Turin continues to be a center of European and international culture. A wide array of styles, forms, and languages disclose the city of monuments, royal palaces, churches, spirituality, events, music, galleries, cinema, and literature…From the Royal Palace to the Church of Consolata, the Regio Theatre, and the National Museum of Cinema, the cultural itineraries are countless and never predictable. And there’s an infinite choice of attractions outside the city as well: in Rivoli Castle, whose Baroque rooms host the Museum of Contemporary Art; in Canavese where the castles of Agliè and Masino are gems of post-Renaissance architecture surrounded by beautiful gardens; and in the Susa and Chisone Valleys, where there are the ancient fortresses of Fenestrelle and Exiles that barred the way to the Alpine passes.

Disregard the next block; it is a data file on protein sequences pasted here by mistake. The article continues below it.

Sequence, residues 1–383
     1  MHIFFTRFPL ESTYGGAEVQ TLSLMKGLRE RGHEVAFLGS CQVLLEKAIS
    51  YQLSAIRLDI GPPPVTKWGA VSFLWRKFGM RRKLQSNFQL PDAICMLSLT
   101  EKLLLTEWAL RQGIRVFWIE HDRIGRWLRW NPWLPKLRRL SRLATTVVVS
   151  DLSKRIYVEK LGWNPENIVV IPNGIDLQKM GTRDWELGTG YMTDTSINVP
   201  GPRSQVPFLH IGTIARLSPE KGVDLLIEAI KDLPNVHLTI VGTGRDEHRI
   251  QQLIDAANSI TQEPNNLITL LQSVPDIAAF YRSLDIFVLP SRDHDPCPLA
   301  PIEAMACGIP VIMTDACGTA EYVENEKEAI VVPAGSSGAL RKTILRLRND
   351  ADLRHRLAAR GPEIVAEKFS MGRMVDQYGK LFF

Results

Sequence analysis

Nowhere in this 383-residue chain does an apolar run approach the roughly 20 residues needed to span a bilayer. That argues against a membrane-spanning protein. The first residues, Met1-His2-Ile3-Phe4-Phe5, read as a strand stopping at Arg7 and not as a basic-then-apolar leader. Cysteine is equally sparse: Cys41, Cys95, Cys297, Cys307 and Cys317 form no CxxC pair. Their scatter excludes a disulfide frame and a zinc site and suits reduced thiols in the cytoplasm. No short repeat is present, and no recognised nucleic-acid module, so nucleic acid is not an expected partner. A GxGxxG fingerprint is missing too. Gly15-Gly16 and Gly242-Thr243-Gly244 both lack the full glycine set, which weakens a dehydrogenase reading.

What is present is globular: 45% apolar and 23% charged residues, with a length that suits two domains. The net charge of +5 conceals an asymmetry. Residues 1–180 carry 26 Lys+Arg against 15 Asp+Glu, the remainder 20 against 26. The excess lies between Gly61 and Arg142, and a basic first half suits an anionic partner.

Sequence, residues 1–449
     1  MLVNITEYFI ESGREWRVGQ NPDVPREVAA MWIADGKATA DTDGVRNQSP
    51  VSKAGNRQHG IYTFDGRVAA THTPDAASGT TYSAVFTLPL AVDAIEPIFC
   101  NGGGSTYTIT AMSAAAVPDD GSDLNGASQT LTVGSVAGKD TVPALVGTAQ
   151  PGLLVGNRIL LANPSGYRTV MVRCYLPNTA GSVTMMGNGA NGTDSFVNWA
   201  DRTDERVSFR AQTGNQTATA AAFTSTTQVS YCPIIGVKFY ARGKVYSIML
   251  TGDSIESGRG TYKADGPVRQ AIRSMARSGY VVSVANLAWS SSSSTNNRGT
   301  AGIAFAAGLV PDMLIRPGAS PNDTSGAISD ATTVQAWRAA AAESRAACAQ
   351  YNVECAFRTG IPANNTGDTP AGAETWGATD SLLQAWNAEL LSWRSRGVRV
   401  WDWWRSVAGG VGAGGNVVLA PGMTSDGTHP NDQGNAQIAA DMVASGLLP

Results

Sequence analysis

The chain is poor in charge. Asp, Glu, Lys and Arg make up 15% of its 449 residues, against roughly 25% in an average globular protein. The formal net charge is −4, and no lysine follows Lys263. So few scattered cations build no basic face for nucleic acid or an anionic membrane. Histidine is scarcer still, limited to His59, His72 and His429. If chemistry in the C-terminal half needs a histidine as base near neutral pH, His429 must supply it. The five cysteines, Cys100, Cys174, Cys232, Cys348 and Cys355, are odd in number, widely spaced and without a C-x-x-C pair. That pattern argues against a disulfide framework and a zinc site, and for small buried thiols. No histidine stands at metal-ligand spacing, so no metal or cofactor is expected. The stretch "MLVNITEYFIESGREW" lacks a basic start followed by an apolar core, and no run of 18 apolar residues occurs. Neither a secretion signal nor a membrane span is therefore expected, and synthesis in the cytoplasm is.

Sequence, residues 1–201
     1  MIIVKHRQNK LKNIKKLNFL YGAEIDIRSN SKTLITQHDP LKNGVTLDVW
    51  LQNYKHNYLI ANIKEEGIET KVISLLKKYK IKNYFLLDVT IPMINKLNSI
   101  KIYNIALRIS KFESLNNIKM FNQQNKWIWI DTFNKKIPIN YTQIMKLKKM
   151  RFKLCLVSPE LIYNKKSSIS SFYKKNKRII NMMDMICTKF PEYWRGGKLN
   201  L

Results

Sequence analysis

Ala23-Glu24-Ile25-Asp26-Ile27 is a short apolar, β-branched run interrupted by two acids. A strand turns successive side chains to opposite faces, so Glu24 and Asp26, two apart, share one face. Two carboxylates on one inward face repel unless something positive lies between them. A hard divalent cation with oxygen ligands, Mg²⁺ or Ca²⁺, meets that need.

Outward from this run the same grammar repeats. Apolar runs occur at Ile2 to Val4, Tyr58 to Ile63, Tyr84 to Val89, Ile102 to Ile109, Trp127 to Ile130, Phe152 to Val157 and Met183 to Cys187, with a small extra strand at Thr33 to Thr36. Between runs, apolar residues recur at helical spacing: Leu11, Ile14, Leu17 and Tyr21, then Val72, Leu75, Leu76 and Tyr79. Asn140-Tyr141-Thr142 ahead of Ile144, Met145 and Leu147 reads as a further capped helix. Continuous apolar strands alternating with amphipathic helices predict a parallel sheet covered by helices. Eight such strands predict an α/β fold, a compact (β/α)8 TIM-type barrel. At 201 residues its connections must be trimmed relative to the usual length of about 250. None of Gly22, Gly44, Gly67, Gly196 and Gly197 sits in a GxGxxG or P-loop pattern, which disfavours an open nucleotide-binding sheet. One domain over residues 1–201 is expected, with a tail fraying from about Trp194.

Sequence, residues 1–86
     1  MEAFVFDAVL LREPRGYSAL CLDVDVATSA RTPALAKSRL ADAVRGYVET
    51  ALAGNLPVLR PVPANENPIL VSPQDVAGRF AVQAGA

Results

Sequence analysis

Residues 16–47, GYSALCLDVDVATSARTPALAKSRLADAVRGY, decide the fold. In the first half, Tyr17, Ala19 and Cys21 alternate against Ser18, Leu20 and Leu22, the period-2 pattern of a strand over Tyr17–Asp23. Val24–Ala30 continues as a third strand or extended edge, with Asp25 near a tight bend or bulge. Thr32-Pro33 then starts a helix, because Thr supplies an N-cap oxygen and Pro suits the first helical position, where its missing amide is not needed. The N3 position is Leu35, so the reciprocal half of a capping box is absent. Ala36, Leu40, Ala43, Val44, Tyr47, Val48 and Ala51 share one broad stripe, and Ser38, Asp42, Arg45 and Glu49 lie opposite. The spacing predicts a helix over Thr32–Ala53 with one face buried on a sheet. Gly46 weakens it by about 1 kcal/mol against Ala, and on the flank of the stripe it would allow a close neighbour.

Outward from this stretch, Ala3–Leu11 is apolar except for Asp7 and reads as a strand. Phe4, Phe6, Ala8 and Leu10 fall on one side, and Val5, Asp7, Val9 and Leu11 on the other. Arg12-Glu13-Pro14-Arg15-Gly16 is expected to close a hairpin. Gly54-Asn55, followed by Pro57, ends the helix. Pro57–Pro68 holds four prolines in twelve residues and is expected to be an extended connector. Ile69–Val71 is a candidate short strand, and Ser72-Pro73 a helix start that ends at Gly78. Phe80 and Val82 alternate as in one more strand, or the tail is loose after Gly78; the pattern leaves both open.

Alternatively, there is a very special itinerary taking in abbeys, monasteries, and sacred mountains, starting with the Basilica of Superga, on Turin’s hills, and the Saint Michael’s Abbey at the mouth of the Susa Valley, some of Piedmont’s symbols recognized all over the world.
Turin is in Northern Italy, an easy hour train ride from Milan. Because most of the Italian cities and towns I have visited in the past are tourist-heavy, I never truly felt the charm of the piazza (town square). They generally feel crowded, with different vendors targeting tourists. The lack of a tourist presence in Turin allowed me to appreciate the many piazzas on a different level. The city is flat but offers beautiful views of the Alps. It's compact, and easy to get around by foot and public transportation. Students are able to purchase a monthly transit ticket for just 21 euros a month.